The LaughingPlace Store
Jim On Film
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As with most people, my first exposure to Pocahontas was the preview released with the holiday re-release of The Lion King in 1994. It was, of course, the song Colors of the Wind, and to me, this preview made the whole movie look like a shish kebab of politically correct garbage and extremist environmental brainwash.
These low expectations stuck with me, even as I watched the media buzz around the film grow (in response to the mega-success of The Lion King). On the first day of release, I attended the first showing at a local theater, heading out of the smothering Minnesota summer day and into the comfortable and cool theater.
All the perceptions I had about what the film would be flittered away once I heard the drumming in The Virginia Company and saw the drawing of England blend into the living animated image. After giving it a chance, Pocahontas became, before the films became too numerous (and too loved) to discern among, my favorite of the post-Eisner animated films.
Unfortunately, I have always seemed to be somewhat lonely in this strong affection for the film. Even those who love The Hunchback of Notre Dame and Hercules often find nothing endearing in the film, which is too bad. Pocahontas is an amazing film on several different levels.
Visually, the film is astounding. The animation is Disney animation, which is enough said. The backgrounds are eye-popping and the styling of the film is breathtaking, reminiscent of Eyvind Earles work for Sleeping Beauty. The computer animation is seamless, and the character design is consistent throughout. Technically, Pocahontas is equal to any other in the Disney canon.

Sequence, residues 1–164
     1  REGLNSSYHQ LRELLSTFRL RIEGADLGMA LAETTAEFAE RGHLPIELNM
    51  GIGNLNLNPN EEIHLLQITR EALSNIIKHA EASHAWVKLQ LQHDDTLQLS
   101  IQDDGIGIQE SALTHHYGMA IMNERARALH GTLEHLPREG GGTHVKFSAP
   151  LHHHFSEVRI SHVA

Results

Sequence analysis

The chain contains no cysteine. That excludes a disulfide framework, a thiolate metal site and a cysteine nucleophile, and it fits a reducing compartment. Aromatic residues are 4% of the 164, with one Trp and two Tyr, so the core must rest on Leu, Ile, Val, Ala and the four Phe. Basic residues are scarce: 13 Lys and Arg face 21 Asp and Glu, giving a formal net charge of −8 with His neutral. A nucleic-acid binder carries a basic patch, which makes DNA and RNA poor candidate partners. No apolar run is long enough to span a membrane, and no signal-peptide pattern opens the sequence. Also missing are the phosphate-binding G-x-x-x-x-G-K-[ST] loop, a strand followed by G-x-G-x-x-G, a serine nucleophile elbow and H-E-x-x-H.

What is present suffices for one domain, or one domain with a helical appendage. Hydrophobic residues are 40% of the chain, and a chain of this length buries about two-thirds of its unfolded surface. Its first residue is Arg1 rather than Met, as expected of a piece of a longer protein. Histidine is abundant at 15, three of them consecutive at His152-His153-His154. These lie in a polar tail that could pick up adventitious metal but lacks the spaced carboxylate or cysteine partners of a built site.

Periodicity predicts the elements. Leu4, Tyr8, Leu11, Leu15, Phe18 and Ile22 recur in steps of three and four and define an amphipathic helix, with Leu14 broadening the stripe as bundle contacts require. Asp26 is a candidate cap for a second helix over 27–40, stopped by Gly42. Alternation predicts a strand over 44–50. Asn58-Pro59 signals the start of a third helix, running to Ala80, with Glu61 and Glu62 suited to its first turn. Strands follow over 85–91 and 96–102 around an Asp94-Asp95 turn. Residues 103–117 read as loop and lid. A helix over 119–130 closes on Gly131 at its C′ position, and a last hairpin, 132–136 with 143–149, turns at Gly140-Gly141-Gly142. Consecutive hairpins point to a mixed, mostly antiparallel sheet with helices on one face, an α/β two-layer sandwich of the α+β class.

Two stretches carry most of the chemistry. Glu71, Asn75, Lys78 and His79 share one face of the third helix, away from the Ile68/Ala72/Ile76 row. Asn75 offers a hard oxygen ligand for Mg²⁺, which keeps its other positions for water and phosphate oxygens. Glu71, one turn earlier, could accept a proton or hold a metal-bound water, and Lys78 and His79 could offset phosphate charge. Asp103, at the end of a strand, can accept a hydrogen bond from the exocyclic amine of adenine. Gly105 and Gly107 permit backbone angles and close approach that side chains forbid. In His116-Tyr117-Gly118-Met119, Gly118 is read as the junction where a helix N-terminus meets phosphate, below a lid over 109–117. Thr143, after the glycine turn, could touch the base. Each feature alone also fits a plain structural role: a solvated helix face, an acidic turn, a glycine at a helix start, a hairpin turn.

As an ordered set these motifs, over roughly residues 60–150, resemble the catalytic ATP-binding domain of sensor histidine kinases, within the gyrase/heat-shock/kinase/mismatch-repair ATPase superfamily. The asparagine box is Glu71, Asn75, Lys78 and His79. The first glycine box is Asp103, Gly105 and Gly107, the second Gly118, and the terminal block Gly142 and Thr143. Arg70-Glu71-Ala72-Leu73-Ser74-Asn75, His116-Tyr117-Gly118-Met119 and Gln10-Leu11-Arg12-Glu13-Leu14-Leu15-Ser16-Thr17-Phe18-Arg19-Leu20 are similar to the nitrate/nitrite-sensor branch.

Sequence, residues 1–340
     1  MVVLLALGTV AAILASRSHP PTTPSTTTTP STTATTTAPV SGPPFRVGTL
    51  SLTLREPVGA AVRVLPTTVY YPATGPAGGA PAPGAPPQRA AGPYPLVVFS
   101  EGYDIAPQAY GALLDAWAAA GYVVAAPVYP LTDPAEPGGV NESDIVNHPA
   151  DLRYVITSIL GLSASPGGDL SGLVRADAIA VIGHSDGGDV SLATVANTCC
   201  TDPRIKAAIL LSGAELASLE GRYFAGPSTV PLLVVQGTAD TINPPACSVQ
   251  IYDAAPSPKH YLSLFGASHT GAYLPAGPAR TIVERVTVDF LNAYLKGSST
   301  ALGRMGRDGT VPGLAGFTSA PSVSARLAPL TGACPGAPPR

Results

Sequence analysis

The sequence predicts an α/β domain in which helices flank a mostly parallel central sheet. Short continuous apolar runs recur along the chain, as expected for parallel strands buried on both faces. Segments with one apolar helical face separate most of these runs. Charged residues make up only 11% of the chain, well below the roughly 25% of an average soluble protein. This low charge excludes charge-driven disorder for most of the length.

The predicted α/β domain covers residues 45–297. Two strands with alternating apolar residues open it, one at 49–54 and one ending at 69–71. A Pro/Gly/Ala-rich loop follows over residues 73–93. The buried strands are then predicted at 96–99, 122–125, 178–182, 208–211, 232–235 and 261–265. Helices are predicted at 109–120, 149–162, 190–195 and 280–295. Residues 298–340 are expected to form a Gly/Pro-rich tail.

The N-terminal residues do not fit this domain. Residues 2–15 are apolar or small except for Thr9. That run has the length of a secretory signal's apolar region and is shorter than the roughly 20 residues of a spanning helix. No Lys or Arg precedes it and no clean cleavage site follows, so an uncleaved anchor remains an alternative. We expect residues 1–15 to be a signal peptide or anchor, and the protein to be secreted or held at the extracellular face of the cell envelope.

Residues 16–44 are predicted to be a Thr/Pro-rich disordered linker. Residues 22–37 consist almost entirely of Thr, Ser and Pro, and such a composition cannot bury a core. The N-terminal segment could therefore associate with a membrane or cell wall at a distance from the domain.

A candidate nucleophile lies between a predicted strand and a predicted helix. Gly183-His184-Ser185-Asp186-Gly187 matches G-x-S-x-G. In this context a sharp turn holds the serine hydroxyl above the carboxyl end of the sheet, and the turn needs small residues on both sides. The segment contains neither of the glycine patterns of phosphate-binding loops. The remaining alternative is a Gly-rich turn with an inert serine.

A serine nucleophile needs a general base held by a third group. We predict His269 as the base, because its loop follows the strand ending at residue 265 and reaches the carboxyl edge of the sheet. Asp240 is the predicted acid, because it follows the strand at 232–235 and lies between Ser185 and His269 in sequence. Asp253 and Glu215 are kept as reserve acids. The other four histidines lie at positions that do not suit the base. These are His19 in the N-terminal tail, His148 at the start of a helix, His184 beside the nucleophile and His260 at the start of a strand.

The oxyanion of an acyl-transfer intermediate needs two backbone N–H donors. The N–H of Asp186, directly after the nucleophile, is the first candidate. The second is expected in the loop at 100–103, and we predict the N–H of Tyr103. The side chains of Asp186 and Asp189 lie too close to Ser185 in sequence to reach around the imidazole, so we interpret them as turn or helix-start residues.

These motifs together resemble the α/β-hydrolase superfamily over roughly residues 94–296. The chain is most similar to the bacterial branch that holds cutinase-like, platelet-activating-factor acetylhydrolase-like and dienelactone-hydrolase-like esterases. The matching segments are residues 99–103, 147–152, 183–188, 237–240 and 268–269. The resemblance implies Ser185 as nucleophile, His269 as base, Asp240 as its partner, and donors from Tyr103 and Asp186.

As for its music, Pocahontas would be the first collaboration between Alan Menken and Stephen Schwartz (who would also collaborate on The Hunchback of Notre Dame). The first song to come from their collaboration was the soaring ballad Colors of the Wind.
Colors of the Wind, as showpiece song of the film, won the Academy Award for best new song of the year. But even this high acclaim hardly begins to touch on the beauty of this song.
Lyrically, the vivid use of poetic devices makes the words come alive in the hands of actress Judy Kuhn. For example, the assonance (the repetition of vowel sounds) in the line, "Have you ever heard the wolf cry to the blue corn moon" brings out the sounds of a wolf howling at the moon. Alliteration (the repetition of consonant sounds) in "sun-sweet berries" emphasizes the sweetness of the berries by highlighting the syrupy sound of the s. Similarly, in a most ingenious line, the repetition of the r and a sounds in "Come roll in all the riches all around you" creates a aural illusion of rolling. Reading the lyrics for other uses of these devices shows how Stephen Schwartz practically wrote the accompanying music himself just through his ingenious use of words.
In addition to this, the content of the song itself rises above these techniques. As a function of the plot, it allows Pocahontas to challenge John Smiths thinking concerning the New World, which is key to him being able to re-evaluate his thoughts concerning it and Pocahontas. Furthermore, in the time spent together during the span of the song, the two get to know each other and fall in love, a love which takes their relationship beyond the love at first sight level.